High-precision 3D models of buildings and industrial plants generated via contactless laser surveying are increasingly in demand. However, current data processing still requires numerous manual steps. Subjective decisions and interpretations by analysts lead to premature generalizations, errors and reduced accuracy. Advances in technology have led to a steady increase in scan resolution. The resulting data is too large to be analyzed by hand. Although restricting measurements to fewer locations reduces the effort required for analysis, it also decreases the level of detail of the final 3D model. Instead, a methodology is required for reducing manual labor and coping with the large data volume of high-resolution images.
Automated processing meets both of these goals. In contrast to manual analysis, computer algorithms guarantee the desired accuracy of the resulting 3D models and achieve the prescribed tolerance. Furthermore, a reduction of manual effort enables the processing of a much larger data volume and thereby permits more detailed modeling of large buildings and industrial plants. Once recorded, the extensive and high-precision data can be re-processed at will without the need for additional measurements.
The software scene·Capture offers a database driven solution for all stages of laser surveying. Methods for optimal site planning for laser scanners are particularly important for minimizing the time required for measurements and guaranteeing the desired accuracy. Such methods aim to reduce the number of laser scans, as each measurement corresponds to an increase in the data volume and processing effort. Nonetheless, sufficient laser scans must be performed in order to resolve occlusion and to compensate for the diminished sensor accuracy as distance to the scanner increases. A high-resolution digital camera delivers color information for subsequent texturing. Fixed points surveyed with a tachymeter additionally serve to link with an existing reference system such as national coordinate systems.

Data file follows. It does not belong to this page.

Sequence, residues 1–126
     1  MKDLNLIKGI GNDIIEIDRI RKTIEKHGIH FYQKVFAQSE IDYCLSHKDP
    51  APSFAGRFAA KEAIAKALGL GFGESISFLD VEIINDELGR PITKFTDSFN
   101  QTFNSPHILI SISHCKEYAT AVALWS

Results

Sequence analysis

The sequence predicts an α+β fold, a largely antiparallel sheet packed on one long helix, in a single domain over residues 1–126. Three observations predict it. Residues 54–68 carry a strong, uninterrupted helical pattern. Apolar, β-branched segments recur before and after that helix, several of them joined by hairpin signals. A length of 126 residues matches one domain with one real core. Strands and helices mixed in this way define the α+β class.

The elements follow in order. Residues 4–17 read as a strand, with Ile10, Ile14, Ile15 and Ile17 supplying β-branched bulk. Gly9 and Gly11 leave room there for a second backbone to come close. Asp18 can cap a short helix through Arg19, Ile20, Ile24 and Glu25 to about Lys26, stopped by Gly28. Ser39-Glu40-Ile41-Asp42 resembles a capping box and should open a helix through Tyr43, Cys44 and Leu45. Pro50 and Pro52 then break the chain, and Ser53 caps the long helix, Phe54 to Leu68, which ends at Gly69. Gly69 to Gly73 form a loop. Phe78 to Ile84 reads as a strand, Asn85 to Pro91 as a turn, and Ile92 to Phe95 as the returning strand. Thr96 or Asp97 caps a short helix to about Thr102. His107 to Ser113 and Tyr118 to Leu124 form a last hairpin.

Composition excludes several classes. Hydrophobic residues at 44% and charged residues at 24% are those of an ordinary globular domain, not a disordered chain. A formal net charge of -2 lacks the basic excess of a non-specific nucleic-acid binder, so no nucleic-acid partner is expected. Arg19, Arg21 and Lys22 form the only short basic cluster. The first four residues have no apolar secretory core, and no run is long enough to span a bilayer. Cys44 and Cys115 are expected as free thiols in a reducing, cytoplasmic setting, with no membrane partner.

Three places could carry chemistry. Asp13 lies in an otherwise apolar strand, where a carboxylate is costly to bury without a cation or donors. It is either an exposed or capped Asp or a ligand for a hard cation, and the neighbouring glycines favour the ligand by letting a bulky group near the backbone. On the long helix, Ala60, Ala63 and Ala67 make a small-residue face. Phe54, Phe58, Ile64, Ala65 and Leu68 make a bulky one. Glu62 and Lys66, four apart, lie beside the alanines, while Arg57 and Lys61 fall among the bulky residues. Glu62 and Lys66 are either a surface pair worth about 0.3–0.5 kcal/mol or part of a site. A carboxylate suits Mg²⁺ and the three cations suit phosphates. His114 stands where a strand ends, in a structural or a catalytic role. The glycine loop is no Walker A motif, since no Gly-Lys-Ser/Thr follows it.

A typical scan has an accuracy of ≈3 mm (in 10 m distance), consists of 175 to 800 million points (depending on the resolution), and covers up to 300 m² of ground area.
Generalization of laser point clouds into high-precision 3D models is achieved in multiple automated steps by the scene·Model software. First, a structural analysis of the individual point clouds makes it possible to generate highly detailed triangular mesh structures. Their fusion yields the entire model with the desired accuracy. Algorithms for object reconstruction then automatically generalize the 3D model. This enables the export of objects, e.g. industrial components, in standard formats for use in CAD software.
All modules uphold prescribed tolerances and degree of detail of detected objects. Photos from the camera contribute to texturing an immersive virtual reality which is generated from the 3D model.
Several augmented-reality tools such as a virtual tape measure are available in the viewing program ≈InterView. Floor plans, cross sections, snapshots and videos can also be generated.